Now, to be fair, this movie IS better than most in this genre - Wallace, Scott’s roommate, is openly gay and not particularly effeminate.  He sleeps around a lot and isn’t penalized for it or shown to be mentally messed up as a result (he’s actually much more normal than Scott).  Likewise, in an early scene, Ramona decides not to have sex with Scott and he respects her wishes.  That’s a good thing.  On the level most directly related to rape and sexual assault, this movie gets an A+ for respecting consent and boundaries.  I’m a fan of that.

I’ve mentioned media before and its ability to shape the social narratives that make up our lives.  This movie is a good example of the types of messages our culture is currently kicking out at us.  “Seriously,” a hypothetical reader might say, “are you nit-picking on a comic-book movie for not having progressive feminist undertones?  Really?  This is a cute story about a boy who falls in love!  And then fights bad guys by tiger uppercutting them.  That’s awesome and why are you so full of haterade?”  And that hypothetical reader would be completely correct - this story falls exactly in line with the cultural script for what young straight-boy love looks like.  But that’s the problem!  The social script for young straight-boy love doesn’t include a real woman!  If this is what we think of as a standard, if this is the typical story we tell both men and women, that makes everyone think of women as strange non-human beings who need to be won, like a video game.  Scott Pilgrim vs. The World joins a lengthy list of movies, many of which have been critical and commercial successes, like Forgetting Sarah Marshall, Garden State, and Elizabethtown (maybe not so much the success on that last one) that have as a major plotline: boy loves girl, except that it’s really boy loves object.  Ramona is, for all intense and purposes in this movie, a macguffin with boobs.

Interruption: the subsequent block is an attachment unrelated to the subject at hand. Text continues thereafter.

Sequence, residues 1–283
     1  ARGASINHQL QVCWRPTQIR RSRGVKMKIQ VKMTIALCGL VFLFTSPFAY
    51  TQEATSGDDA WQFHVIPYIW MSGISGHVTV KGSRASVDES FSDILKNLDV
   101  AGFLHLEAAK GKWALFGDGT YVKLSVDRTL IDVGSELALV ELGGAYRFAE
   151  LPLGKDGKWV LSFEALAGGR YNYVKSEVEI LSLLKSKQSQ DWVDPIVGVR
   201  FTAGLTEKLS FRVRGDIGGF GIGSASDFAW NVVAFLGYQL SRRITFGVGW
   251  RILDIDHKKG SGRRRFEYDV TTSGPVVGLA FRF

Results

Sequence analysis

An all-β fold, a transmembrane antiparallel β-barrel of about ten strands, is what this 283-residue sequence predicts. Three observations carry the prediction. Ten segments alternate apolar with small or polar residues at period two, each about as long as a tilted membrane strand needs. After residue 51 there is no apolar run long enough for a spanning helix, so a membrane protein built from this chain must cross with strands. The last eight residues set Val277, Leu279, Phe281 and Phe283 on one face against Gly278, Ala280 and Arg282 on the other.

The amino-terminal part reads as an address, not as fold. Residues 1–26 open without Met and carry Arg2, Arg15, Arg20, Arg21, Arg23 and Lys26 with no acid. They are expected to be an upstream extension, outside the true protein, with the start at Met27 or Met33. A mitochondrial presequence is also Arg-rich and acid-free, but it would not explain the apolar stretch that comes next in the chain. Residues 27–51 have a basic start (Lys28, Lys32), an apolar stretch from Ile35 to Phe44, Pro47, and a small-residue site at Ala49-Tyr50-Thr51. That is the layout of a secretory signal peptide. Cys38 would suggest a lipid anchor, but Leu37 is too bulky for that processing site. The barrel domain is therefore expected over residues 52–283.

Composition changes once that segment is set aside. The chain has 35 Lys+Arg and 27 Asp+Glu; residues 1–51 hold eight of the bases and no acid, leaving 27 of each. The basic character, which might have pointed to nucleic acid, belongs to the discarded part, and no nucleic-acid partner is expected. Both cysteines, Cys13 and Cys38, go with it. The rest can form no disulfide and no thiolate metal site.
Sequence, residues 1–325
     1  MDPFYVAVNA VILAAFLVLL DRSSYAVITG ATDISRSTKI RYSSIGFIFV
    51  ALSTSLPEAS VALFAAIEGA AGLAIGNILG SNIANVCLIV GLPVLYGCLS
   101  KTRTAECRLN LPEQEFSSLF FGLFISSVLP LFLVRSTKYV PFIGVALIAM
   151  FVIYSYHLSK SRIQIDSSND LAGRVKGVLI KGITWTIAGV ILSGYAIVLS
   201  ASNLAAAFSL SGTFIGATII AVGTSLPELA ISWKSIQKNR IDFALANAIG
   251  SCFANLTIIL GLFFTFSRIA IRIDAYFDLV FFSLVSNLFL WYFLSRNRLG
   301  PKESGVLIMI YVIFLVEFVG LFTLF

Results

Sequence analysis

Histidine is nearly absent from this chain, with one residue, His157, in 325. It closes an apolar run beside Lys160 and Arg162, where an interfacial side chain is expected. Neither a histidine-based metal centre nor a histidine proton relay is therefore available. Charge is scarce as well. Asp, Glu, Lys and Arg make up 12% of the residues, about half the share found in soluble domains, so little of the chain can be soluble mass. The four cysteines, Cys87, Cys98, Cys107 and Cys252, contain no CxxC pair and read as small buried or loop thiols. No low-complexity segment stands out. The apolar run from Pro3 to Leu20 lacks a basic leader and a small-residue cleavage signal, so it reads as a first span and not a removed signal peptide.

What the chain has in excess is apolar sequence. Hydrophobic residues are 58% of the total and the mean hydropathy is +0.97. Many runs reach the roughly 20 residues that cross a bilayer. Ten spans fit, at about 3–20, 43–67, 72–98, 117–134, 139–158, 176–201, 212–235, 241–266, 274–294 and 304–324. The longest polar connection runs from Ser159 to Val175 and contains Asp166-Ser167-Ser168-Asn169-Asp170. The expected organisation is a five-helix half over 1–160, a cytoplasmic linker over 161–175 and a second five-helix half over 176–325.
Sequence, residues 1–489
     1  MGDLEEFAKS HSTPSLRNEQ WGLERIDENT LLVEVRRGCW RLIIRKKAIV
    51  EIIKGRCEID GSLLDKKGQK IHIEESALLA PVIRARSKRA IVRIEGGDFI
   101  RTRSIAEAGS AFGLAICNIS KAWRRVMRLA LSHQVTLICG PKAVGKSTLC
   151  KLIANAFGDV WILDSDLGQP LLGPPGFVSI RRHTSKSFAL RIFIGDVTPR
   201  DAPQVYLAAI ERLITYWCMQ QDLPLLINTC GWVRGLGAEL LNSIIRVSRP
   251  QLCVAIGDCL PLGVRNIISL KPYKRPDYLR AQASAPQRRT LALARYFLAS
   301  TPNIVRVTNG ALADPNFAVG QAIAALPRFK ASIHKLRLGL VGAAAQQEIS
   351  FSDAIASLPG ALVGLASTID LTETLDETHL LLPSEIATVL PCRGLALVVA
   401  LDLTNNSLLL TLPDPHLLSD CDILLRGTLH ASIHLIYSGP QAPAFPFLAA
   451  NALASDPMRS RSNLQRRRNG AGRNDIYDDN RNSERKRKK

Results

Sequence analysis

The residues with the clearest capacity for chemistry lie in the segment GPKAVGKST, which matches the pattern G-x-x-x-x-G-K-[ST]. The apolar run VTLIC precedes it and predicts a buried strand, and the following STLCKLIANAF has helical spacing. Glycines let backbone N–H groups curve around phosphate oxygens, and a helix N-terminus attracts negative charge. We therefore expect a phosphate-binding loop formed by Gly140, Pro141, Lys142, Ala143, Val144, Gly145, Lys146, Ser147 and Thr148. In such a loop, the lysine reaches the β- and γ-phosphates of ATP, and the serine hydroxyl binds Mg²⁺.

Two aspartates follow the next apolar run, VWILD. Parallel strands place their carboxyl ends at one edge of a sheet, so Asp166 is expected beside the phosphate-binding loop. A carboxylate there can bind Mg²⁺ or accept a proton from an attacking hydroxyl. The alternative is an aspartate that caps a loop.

None of this helps create a cultural narrative where we take women seriously, especially not the young men that this film targets.  As much as I like it (and again, I really did like this movie!) I keep wanting to see a film that has the sense of humor this one does, but also does open up the conversation a little bit more.  As bad as the movie itself was, one of my favorite films in this mildly subversive category was the Amanda Bynes film She’s the Man, a mostly goofy take on Twelfth Night.  The main protagonist is female, she tries to win over a boy, and the boy gets a (for a teen movie, anyway) reasonable inner life.  It’s not a good movie, but it’d be nice to see a couple more major media products start to move towards that idea of full personhood for female characters.

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Posted by Dave on 08/23 • (2) CommentsPermalink